10/08/2013

Caring for West Virginia’s tiniest hearts

Ruby’s pediatric heart program sees advances in 25 years

MORGANTOWN, W.Va. – There are tens of thousands of children who are alive today thanks to Ruby Memorial Hospital’s successful pediatric heart program. The three physicians responsible for leading the heart program are all native West Virginians and are still working to advance heart care.Ruby-25-logo.jpg

A native of Huntington, William Neal, M.D., laid the foundation for children’s heart care at WVU. He was the chairman of the WVU School of Medicine Department of Pediatrics when Ruby was first built. Ten years later, he established the Coronary Artery Risk Detection in Appalachian Communities (CARDIAC) Project, which screens children, free of charge, for potential heart disease.

In order to provide heart care for children who live far from the hospital, Dr. Neal established outreach clinics across the state, where he and other physicians travel to visit patients close to their homes. As a founding specialist at WVU Children’s Hospital, Neal taught and mentored both Larry Rhodes, M.D., and Robert Gustafson, M.D., known by his patients and colleagues as Dr. Gus.

“Dr. Rhodes is one of the best known children’s heart doctors in the world, and Dr. Gus’s surgical expertise was a profound change; Gus made a huge difference,” Neal said.

Dr. Rhodes, current chairman of the Department of Pediatrics, was working for world-renowned Children’s Hospital of Philadelphia when he made the decision to return home to West Virginia in 2005. Rhodes, a former WVU School of Medicine graduate, is passionate about his outreach work and holds several outreach clinics a month.

An advocate of rural health, Rhodes and other physicians, like Neal, travel across the state to provide care for those who may not be able to make the trip to Morgantown for care. Earlier this year, he was nationally recognized and named 2013 Rural Health Practitioner of the Year. Rhodes said his roots are deep in this state, and the heart care at WVU is as excellent as any program in the country.

“As a pediatrician, you want to work at a place that will offer patients the best possible care. We have the ability to provide that care,” Rhodes said.

Dr. Gustafson is among the very best pediatric heart surgeons in the country and is the state’s only pediatric heart surgeon, performing more than 400 procedures a year. Like Rhodes, Gus is also a WVU School of Medicine graduate. The Keyser native was fellowship trained at Boston Children’s Hospital and returned home to West Virginia in 1984 to lead the pediatric cardiothoracic surgery team. He is internationally known for his work and has won numerous prestigious awards, including a Children’s Miracle Achievement Award.

One of his patients, three-year-old Jayden Taylor, was born with hypoplastic left heart syndrome (HLHS) and has already had three open heart surgeries.
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“Jayden’s pediatrician told me Dr. Gus is the best. He said if Jayden were born in California with that condition that he’d still send him all the way to Morgantown to see Dr. Gus,” Jessica Taylor, Jayden’s mother, said.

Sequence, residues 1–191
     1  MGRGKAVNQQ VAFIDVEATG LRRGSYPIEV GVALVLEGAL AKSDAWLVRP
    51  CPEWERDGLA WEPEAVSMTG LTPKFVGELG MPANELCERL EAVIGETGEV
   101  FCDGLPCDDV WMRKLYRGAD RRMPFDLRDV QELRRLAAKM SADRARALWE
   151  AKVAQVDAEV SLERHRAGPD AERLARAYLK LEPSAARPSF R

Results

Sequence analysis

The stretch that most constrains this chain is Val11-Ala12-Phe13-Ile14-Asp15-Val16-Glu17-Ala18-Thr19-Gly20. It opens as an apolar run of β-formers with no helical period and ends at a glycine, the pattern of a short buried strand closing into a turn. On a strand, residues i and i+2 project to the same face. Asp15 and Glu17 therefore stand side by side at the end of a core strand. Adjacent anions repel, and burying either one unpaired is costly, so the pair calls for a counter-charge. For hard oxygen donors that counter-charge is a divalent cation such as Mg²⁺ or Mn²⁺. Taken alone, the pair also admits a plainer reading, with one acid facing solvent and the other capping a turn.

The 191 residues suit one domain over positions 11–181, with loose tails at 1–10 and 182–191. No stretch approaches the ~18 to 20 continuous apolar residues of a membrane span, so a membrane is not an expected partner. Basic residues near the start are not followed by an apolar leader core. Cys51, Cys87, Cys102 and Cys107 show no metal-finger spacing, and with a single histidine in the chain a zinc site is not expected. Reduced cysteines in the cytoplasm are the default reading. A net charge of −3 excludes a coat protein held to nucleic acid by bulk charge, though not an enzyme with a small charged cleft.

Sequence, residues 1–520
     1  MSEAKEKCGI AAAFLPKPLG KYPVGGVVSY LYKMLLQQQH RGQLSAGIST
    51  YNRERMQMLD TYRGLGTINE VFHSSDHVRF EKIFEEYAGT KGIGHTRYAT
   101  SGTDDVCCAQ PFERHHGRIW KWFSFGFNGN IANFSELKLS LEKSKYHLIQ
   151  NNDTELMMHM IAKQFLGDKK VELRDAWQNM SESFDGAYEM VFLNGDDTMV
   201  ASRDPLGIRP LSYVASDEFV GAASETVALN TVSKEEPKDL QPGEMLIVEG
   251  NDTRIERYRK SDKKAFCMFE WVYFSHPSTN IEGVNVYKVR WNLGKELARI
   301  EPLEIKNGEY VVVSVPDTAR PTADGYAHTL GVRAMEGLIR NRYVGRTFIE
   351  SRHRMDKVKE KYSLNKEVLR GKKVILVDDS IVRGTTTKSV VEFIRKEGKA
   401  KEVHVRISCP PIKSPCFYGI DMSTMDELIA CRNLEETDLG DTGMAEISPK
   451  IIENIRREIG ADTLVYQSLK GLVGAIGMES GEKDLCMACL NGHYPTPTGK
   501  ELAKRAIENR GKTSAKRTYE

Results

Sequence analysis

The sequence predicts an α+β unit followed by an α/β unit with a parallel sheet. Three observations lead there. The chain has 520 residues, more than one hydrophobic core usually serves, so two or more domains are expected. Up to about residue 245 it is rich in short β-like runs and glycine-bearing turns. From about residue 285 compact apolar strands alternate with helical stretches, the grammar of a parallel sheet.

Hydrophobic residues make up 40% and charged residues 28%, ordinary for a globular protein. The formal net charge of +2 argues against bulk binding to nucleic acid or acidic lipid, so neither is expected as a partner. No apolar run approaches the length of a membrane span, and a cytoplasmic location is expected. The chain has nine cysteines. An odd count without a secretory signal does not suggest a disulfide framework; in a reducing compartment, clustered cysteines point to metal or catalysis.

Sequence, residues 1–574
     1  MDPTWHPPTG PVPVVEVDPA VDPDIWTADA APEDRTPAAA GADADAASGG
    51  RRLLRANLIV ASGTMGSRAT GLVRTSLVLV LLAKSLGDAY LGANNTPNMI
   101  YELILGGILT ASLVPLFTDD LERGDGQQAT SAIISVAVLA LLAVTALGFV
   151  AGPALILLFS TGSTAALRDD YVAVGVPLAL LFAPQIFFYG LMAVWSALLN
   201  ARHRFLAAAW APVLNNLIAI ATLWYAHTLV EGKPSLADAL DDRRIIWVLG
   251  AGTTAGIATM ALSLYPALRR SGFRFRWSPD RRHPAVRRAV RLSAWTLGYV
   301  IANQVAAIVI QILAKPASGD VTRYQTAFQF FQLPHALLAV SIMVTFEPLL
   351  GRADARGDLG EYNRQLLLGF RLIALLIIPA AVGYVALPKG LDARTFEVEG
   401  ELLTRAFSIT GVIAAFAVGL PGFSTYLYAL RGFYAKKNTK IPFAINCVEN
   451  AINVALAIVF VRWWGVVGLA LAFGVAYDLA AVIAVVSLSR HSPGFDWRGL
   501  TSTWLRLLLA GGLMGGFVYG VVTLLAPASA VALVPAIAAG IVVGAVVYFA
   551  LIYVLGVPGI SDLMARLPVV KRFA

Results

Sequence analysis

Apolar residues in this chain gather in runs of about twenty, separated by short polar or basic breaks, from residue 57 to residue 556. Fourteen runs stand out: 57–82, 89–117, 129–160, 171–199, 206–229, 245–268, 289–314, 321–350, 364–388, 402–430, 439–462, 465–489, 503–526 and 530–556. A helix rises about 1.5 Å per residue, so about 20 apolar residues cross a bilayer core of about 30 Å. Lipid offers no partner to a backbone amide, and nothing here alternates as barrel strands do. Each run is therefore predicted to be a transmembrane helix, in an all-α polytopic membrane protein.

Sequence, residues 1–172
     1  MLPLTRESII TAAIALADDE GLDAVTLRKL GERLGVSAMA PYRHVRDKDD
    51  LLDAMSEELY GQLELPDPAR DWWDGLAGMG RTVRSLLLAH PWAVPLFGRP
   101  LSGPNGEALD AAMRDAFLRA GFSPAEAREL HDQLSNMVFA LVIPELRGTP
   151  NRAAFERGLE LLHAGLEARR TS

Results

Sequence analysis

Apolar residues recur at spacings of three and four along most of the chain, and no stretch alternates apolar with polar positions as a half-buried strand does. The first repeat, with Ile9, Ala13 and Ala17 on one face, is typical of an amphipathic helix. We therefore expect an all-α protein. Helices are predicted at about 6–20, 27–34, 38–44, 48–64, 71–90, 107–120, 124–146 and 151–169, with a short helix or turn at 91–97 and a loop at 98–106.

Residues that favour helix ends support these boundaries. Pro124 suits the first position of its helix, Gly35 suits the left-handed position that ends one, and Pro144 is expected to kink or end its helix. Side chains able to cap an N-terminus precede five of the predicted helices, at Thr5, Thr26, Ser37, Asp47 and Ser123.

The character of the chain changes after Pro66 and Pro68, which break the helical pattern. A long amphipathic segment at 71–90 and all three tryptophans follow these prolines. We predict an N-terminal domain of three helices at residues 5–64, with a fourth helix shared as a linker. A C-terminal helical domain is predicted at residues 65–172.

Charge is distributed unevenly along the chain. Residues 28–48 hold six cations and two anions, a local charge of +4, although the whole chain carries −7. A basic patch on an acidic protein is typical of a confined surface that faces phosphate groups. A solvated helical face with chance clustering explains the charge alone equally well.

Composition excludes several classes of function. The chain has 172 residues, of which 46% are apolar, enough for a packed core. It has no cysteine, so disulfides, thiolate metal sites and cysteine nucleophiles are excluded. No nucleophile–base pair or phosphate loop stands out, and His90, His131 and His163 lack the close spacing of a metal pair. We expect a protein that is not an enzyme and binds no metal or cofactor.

Jayden’s condition is one example of many, where chances for survivability are higher today than they were two decades ago. Patients born with severe congenital heart defects in 1988 are now being treated for arthritis, osteoporosis or menopause. Under Rhodes’ leadership, WVU heart specialists care for adults who have survived congenital heart defects at a comprehensive, multidisciplinary cardiology clinic. These specialists are consulted when their patients are hospitalized for other reasons.

“I have patients that if they were born 10 years earlier with hypoplastic left heart syndrome and had that operation, they would have likely died. I think that speaks volumes to how things have changed in 25 years,” Rhodes said. “We didn’t anticipate children with congenital heart disease becoming adults. When we treat patients today, we’re not trying to keep them alive for six months; we’re trying to have them grow up to be normal functional adults.”

While Neal, Rhodes and Gus agree that Ruby has always been in the forefront of medical care, they believe there are four major areas that have improved throughout the years: technology, outreach, facilities and staff. They say this successful combination is what allows Ruby to offer world-class care close to home.

“We have a great team of physicians, nurses and technicians who have worked together in expert fashion for a number of years, and we have outstanding facilities in which to deliver that care,” Neal said.

WVU Healthcare’s flagship hospital, Ruby Memorial, is celebrating its 25th anniversary. It opened on July 19, 1988, after a generous donation from Morgantown philanthropist Hazel Ruby McQuain. The anniversary celebration will continue through the fall, marking a quarter century of care for tens of thousands of patients.

--WVU HEALTH--


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For more information:
Amy Johns, Director of Public Affairs, 304-293-7087
johnsa@wvuhealthcare.com
at: 09-17-13

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